Day 3, the smell was stronger and not so nice. Had the neighbour put ‘the milky condensed yoghurt, cottage cheese ‘ dish out to dry or something?

Day 3 evening, the smell was unbearable, unbearable to the point that I wanted to puke.

What could I do? I walked towards the store room cupboard, to take out a new cereal box. This store room is right next to our main door.

I opened the store room and ughhhhhh! The stench was from my store room.

The smell of curdled milk hit me with such force.

I quickly ran to get a towel to cover my nose, and then started the process of discovery.

One of the tetrapaks of milk had puffed up and burst, the said ‘milk-yoghurt-cottage cheese’ had flown down the cupboard like a river.

Believe me, it took some cleaning. For days afterwards, I could feel the smell in every pore of my body. It was as if the whole thing had permeated my skin.

Hmmmm….so much for the milk-based dish !

Imaginative nose

I have a sharp sense of smell. I can smell, from afar, if all the masalas in my curries have blended well for that perfect aroma. Enough said.

A few months ago, when I got back home in the evening, I could smell something milky at the doorstep. I sniffed appreciatively. Looked like one of my neighbours was making something with a milk base.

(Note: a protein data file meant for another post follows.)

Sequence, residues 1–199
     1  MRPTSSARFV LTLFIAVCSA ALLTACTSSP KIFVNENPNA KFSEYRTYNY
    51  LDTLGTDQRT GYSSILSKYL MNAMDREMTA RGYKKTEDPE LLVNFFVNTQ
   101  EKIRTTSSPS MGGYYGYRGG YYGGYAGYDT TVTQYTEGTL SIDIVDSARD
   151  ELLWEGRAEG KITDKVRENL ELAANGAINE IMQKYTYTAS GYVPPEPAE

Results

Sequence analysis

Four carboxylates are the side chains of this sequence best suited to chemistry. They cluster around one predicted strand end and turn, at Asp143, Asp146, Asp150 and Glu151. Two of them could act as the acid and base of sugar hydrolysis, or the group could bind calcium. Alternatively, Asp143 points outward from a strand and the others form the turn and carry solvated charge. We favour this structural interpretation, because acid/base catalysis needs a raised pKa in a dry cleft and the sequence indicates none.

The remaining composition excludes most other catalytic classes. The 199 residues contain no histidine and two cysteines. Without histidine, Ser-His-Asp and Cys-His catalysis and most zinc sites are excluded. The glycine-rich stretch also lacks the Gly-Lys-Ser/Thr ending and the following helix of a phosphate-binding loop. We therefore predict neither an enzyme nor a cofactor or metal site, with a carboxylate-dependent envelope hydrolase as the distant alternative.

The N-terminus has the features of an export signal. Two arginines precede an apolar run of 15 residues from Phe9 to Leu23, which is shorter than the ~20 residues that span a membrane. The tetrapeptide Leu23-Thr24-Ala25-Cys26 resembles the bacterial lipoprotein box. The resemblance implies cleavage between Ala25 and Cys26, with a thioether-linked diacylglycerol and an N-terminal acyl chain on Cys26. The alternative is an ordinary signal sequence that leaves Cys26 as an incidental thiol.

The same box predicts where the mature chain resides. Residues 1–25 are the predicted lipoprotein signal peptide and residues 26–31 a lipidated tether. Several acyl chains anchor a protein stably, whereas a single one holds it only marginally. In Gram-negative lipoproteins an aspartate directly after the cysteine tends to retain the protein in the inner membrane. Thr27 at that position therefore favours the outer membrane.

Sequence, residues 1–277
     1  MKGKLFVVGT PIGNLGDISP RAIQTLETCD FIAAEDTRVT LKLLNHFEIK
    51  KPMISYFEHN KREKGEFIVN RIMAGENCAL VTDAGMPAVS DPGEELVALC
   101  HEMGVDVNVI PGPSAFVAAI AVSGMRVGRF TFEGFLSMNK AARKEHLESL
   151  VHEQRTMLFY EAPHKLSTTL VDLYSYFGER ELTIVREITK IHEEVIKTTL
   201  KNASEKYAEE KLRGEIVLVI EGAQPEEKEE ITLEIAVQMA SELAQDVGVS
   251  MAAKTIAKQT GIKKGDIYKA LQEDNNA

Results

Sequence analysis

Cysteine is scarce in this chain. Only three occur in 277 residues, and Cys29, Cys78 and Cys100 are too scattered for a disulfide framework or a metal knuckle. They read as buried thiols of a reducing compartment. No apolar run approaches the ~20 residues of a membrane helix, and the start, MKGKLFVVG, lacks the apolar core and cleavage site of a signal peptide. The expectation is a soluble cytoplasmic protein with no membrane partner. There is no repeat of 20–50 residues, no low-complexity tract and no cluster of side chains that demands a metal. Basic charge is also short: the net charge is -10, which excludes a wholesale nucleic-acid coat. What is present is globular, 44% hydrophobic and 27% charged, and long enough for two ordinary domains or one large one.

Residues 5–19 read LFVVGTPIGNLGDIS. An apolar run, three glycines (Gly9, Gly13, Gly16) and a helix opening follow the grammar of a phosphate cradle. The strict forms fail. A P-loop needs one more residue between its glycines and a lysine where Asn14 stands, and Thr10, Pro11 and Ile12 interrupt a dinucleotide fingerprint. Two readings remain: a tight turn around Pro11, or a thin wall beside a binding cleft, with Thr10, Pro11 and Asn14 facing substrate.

image

             Courtesy – http://www.123rf.com

The next morning, when I walked out the door, the same smell wafted in the air. I sniffed, this smelled different. Maybe a little like yoghurt. Maybe the neighbour was trying to condense the milk or make cottage cheese.

Day 3, the smell was stronger and not so nice. Had the neighbour put ‘the milky condensed yoghurt, cottage cheese ‘ dish out to dry or something?

Day 3 evening, the smell was unbearable, unbearable to the point that I wanted to puke.

What could I do? I walked towards the store room cupboard, to take out a new cereal box. This store room is right next to our main door.

I opened the store room and ughhhhhh! The stench was from my store room.

The smell of curdled milk hit me with such force.

I quickly ran to get a towel to cover my nose, and then started the process of discovery.